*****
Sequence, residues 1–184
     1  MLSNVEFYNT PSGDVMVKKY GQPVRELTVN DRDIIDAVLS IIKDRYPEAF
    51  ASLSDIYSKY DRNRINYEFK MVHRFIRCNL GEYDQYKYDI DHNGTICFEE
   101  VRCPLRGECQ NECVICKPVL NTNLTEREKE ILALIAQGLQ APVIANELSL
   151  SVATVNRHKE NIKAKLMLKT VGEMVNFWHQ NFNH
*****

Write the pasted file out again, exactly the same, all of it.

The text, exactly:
Sequence, residues 1–184
     1  MLSNVEFYNT PSGDVMVKKY GQPVRELTVN DRDIIDAVLS IIKDRYPEAF
    51  ASLSDIYSKY DRNRINYEFK MVHRFIRCNL GEYDQYKYDI DHNGTICFEE
   101  VRCPLRGECQ NECVICKPVL NTNLTEREKE ILALIAQGLQ APVIANELSL
   151  SVATVNRHKE NIKAKLMLKT VGEMVNFWHQ NFNH